In my earlier pastoral ministry I worked years with a phenomenal preacher.  But he was an hour-long kind of guy.  He had great stuff, he just didn’t know how to bring the plane in for a landing, so to speak.  He’d get to the end of his message, and then just circle the airport looking for a spot to bring ‘er down.  If he would have cut that hour in half, his sermons would have gone from good to great.  His preaching kind of reminds me of the story I heard about a man who went to the dentist to have a tooth removed. He asked the dentist what the cost for removing his tooth would be, and the dentist told him it would be $90. The guy told the dentist that 90 bucks seemed like a lot of money for a few seconds work. The dentist said, “If it’d make you feel better, I can pull the tooth out real slow!”

Well, I am here to defend the long-winded sermon—since I now qualify as long-winded.  Hey, it’s a dirty job, but someone’s got to do it.  And I am in good company.  Paul, the greatest theologian in the New Testament, perhaps in human history, preached so long that one young man named Eutychus, fell asleep while sitting on a window seal and fell three stories to his death.  Amazingly, that didn’t put a damper on the service.  Paul, without skipping a beat, went downstairs, healed the man, then came back upstairs and talked from midnight until dawn.  You go Paul!

Here’s the deal: It’s not the length of the sermon that makes it good or bad, it’s the content of the message…it’s the passion of the preacher…it’s the heart of the shepherd out of which the sermon flows that makes it effective or not.  If you read this entire passage in Acts 20, you get some great insights into the heart of Paul, the long-winded preacher:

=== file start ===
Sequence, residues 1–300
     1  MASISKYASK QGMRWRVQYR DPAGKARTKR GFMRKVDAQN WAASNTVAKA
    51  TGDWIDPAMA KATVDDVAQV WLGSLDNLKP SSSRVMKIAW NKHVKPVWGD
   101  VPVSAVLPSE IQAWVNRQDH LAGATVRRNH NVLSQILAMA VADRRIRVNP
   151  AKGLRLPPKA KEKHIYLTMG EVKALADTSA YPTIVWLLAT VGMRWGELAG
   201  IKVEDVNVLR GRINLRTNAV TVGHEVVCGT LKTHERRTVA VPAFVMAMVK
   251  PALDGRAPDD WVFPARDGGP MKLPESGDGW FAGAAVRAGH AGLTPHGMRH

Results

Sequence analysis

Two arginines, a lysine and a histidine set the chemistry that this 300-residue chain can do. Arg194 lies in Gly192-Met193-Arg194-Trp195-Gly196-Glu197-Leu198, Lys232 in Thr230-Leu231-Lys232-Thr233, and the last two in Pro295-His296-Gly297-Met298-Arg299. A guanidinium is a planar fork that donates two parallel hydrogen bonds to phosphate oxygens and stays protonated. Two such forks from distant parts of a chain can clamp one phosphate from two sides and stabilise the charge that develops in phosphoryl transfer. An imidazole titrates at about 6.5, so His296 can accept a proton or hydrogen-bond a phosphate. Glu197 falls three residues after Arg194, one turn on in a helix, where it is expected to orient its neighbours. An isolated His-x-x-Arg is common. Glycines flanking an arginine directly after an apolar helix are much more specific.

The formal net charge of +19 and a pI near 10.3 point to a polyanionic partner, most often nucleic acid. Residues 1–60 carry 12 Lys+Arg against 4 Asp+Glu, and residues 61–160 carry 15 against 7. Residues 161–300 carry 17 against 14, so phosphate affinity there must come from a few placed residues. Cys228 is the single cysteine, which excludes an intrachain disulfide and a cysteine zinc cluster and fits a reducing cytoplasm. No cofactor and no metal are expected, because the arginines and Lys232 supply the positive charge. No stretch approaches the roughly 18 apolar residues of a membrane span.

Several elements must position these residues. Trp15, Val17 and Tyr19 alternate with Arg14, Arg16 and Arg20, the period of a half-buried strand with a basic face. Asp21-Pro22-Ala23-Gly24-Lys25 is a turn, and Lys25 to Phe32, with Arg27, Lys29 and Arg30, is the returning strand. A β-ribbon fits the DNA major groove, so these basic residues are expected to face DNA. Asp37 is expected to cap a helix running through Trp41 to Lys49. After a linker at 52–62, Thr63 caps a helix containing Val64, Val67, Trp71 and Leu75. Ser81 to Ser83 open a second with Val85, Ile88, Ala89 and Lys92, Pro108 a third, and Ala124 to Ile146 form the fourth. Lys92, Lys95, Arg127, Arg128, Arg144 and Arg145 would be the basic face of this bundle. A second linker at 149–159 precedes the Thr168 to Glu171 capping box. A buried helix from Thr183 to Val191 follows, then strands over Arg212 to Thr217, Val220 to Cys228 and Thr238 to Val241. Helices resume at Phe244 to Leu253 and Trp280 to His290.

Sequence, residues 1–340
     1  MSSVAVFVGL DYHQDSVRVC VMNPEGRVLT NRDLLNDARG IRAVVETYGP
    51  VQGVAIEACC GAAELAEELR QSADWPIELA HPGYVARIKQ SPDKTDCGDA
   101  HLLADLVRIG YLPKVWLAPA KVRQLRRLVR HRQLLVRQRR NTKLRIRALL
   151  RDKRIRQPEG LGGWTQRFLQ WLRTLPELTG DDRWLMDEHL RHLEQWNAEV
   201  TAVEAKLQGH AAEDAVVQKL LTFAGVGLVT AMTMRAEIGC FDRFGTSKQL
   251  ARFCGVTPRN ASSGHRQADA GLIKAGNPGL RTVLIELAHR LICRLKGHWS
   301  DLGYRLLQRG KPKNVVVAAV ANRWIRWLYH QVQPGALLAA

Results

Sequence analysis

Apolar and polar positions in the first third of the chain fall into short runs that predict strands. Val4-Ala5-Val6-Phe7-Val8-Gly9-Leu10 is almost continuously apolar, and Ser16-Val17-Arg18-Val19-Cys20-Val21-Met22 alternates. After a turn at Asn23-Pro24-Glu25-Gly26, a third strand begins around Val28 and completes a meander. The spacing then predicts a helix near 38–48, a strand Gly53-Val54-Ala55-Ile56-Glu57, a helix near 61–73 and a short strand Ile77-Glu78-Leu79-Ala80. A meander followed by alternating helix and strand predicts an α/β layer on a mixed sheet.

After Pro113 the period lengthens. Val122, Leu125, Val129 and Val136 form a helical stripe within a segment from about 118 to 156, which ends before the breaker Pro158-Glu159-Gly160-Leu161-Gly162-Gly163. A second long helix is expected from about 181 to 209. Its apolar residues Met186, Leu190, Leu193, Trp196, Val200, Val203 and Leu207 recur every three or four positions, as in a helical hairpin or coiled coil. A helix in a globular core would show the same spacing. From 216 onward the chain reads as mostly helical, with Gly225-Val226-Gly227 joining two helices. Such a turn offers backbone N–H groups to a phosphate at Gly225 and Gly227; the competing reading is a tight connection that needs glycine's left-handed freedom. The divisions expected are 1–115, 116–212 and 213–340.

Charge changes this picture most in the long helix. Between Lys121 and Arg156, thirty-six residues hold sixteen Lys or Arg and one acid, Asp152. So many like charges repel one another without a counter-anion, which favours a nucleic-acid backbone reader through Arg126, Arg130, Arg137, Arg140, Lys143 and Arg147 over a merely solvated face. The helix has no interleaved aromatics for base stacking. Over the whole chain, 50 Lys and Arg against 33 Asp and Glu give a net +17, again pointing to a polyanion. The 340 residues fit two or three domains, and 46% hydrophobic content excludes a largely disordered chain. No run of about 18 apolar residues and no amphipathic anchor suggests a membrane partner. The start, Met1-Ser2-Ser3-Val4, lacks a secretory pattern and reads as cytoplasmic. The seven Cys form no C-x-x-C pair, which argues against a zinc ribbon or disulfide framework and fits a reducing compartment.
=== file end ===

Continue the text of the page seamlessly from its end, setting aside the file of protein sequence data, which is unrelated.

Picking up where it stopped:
Paul was full of faith and confidence in the Lord—“don’t worry, he’s alive…and the young man was taken home unhurt.”  (Acts 20:11-12, NLT)

Paul earned people’s respect through his suffering for the Gospel—“I have endured the trials that came to me…” (Acts 20:19, NLT)

Paul was fearless in his preaching—“I never shrank back from telling you what you needed to hear.” (Acts 20:20, NLT)

Paul was Christ-centered and cross-focused—“I have had one message…repent from sin and turn to God…the work of telling others the Good news about the wonderful grace of God.” (Acts 20:21, 24, NLT)

Paul was purpose driven—“My life is worth nothing to me unless I use it for finishing the work the Lord Jesus assigned to me.” (Acts 20:24, NLT)

Paul was faithful to God—“I declare today that I have been faithful.” (Acts 20:26, NLT)

Paul passionately protected his flock from danger—“Guard God’s people and feed and shepherd God’s flock…watch out…” (Acts 20:28,31, NLT)

Paul was pure in his motives—“I have never coveted anyone’s silver or gold or fine clothes…I have worked with my own hands to supply my own needs.” (Acts 20:33-34, NLT)

Paul practiced what he preached—“I have been a constant example…” (Acts 20:35, NLT)